The massive Sony breach spelled out the risks facing any business that deals in digital content. Here's how David Hahn, CISO of publishing giant Hearst, keeps the cybersecurity conversation going with his board of directors.
Chipmaker Intel will spin out its Intel Security unit - once again named McAfee - with a value that's markedly lower than what it paid. Meanwhile, long-gone founder John McAfee is suing for the right to launch a new security company bearing his name.
A UAE-based activist targeted by a rare and valuable remote exploit for Apple's mobile software has caused concern over the continued sale of powerful spying tools to governments with poor human rights records.
For years now, security experts have been predicting 'the year mobile threats come of age.' Is it finally here? BioCatch's Uri Rivner discusses the recent surge in mobile threats - and what to do about them.
Eighty percent of the Android ecosystem - an estimated 1.4 billion devices - is vulnerable to an attack affecting TCP. While the flaw has been patched in Linux, Android remains vulnerable, although Google is aware of the issue.
USB devices and ports pose serious risks, and they aren't going away anytime soon. But researchers say they've developed a way to block malicious actions by USB devices to help prevent attacks such as "BadUSB."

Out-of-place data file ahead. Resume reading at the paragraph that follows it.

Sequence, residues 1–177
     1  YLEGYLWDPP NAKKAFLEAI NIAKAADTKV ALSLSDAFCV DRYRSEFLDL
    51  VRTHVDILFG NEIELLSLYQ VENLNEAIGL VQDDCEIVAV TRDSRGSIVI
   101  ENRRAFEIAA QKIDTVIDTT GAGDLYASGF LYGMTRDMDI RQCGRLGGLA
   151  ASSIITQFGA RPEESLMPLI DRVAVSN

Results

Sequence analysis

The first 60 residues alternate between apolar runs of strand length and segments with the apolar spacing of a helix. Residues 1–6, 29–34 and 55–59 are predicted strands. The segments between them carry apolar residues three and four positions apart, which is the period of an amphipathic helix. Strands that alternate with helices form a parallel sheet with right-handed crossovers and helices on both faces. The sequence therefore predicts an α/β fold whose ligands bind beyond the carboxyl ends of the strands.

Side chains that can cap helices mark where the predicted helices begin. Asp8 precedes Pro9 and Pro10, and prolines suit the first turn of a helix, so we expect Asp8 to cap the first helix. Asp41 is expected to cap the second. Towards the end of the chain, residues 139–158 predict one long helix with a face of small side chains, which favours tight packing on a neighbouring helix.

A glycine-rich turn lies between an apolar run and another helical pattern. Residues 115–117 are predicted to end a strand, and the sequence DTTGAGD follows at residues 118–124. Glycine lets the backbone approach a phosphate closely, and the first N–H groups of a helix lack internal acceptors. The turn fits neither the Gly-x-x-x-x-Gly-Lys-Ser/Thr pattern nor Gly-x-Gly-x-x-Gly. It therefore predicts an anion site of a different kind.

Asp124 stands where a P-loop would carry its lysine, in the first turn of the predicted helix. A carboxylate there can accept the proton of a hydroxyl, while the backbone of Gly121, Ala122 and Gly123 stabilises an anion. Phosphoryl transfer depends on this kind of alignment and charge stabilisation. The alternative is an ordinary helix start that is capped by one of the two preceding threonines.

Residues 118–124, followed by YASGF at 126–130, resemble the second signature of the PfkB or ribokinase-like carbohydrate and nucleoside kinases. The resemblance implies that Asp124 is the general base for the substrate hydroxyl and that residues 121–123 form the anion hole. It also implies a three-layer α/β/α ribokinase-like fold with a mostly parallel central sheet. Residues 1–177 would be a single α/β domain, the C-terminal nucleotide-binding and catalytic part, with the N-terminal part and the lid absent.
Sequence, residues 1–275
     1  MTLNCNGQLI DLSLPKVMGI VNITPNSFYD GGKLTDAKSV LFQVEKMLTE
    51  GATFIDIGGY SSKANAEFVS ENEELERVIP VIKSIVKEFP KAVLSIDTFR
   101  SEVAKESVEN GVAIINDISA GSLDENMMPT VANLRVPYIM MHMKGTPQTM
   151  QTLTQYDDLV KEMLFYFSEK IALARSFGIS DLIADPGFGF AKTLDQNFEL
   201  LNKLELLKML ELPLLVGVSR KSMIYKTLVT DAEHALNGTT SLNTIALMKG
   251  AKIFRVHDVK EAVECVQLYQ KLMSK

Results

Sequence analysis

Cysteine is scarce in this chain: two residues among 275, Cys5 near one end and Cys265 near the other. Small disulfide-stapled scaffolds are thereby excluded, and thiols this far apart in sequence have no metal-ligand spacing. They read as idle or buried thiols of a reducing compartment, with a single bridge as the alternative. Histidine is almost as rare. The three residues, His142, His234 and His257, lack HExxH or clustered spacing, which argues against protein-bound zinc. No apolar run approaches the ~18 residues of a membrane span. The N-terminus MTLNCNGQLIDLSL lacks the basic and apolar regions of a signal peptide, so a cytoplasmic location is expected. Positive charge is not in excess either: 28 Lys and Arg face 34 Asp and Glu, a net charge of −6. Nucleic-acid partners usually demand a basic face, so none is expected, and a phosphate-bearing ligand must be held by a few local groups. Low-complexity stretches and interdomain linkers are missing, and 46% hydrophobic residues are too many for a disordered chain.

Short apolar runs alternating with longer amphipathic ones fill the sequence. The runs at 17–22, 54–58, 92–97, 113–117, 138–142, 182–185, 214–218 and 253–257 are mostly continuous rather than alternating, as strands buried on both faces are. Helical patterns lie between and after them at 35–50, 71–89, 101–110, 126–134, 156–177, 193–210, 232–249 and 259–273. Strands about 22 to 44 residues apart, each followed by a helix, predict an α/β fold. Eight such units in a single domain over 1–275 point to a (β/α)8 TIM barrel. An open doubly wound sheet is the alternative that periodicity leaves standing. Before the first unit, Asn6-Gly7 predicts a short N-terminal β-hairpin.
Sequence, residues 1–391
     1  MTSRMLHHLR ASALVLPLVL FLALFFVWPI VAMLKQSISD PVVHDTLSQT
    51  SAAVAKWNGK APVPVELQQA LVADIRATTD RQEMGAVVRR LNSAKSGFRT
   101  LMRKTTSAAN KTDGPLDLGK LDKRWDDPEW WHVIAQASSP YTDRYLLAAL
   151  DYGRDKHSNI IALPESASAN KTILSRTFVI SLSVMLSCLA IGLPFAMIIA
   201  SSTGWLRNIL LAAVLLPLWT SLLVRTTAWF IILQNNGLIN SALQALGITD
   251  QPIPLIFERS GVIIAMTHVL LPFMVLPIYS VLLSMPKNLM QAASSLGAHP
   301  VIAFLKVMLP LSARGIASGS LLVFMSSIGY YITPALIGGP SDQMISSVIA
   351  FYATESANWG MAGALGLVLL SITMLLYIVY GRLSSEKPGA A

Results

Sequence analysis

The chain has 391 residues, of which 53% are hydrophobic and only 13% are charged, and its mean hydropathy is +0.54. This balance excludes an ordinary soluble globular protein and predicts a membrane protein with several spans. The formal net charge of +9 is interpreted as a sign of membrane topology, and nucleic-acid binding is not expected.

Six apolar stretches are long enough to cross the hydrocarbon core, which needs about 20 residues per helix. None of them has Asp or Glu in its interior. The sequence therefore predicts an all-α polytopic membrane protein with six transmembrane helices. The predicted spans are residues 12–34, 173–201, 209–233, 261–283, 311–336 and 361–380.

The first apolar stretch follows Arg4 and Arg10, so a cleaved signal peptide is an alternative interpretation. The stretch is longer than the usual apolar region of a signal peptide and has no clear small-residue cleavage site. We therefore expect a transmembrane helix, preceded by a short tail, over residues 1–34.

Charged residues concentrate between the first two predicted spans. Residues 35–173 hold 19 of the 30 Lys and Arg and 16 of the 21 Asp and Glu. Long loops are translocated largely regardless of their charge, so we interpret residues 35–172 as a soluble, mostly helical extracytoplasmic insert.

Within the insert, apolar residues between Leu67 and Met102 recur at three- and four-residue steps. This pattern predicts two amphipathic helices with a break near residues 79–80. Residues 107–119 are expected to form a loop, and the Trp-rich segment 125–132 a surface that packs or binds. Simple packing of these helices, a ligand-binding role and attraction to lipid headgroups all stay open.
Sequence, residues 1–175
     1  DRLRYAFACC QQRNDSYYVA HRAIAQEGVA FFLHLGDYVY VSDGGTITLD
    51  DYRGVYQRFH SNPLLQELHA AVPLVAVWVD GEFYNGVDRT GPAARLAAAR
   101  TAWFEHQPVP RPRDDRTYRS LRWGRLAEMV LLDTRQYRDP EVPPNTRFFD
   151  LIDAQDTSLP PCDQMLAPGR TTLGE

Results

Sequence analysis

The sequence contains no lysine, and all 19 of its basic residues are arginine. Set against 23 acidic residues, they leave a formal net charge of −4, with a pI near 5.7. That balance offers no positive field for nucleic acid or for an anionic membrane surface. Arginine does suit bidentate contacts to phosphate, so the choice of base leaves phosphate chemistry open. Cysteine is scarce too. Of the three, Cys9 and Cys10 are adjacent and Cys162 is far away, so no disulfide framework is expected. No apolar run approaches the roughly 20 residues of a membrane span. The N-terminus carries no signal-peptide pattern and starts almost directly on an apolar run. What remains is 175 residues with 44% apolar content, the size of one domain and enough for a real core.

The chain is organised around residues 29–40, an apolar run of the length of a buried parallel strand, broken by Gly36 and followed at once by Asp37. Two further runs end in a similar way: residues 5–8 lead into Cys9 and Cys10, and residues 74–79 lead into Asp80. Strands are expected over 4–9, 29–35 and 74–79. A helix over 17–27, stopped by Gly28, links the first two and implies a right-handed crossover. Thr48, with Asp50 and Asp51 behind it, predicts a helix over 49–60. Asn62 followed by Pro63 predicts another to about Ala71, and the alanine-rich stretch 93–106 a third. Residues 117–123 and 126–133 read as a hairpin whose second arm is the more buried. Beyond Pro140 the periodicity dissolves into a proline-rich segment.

Vikrant Arora, CISO of NYC Health & Hospitals, offers the four most important questions a board must ask the CISO to get a good understanding of how the organization is addressing top cybersecurity concerns.
Malware researcher Ivan Kwiatkowski unleashed ransomware on tech-support scammers after his parents stumbled across a site warning they'd been infected by Zeus. Despite the feel-good factor, however, security experts advise against hacking back.
A report on FBI Director James Comey seeking to reopen the debate over creating for law enforcement a bypass to encryption on mobile devices is among the stories featured in the latest ISMG Security Report.
CEO fraud campaigns are becoming far more common. A recent attack against our company was deflected because of the alertness of a staff member who received a fraudulent wire transfer request, illustrating why well-informed employees truly are the best lines of defense against these schemes.
Security firm ThreatConnect says Guccifer 2.0, who claims to be the lone hacker of the Democratic National Committee, may have close ties to Russia. But after reviewing related technical evidence, not all security experts agree.
As Democrats gather in Philadelphia to nominate Hillary Clinton for president, it's a good time to examine the former secretary of state's positions on cybersecurity and online privacy. Here's where she stands.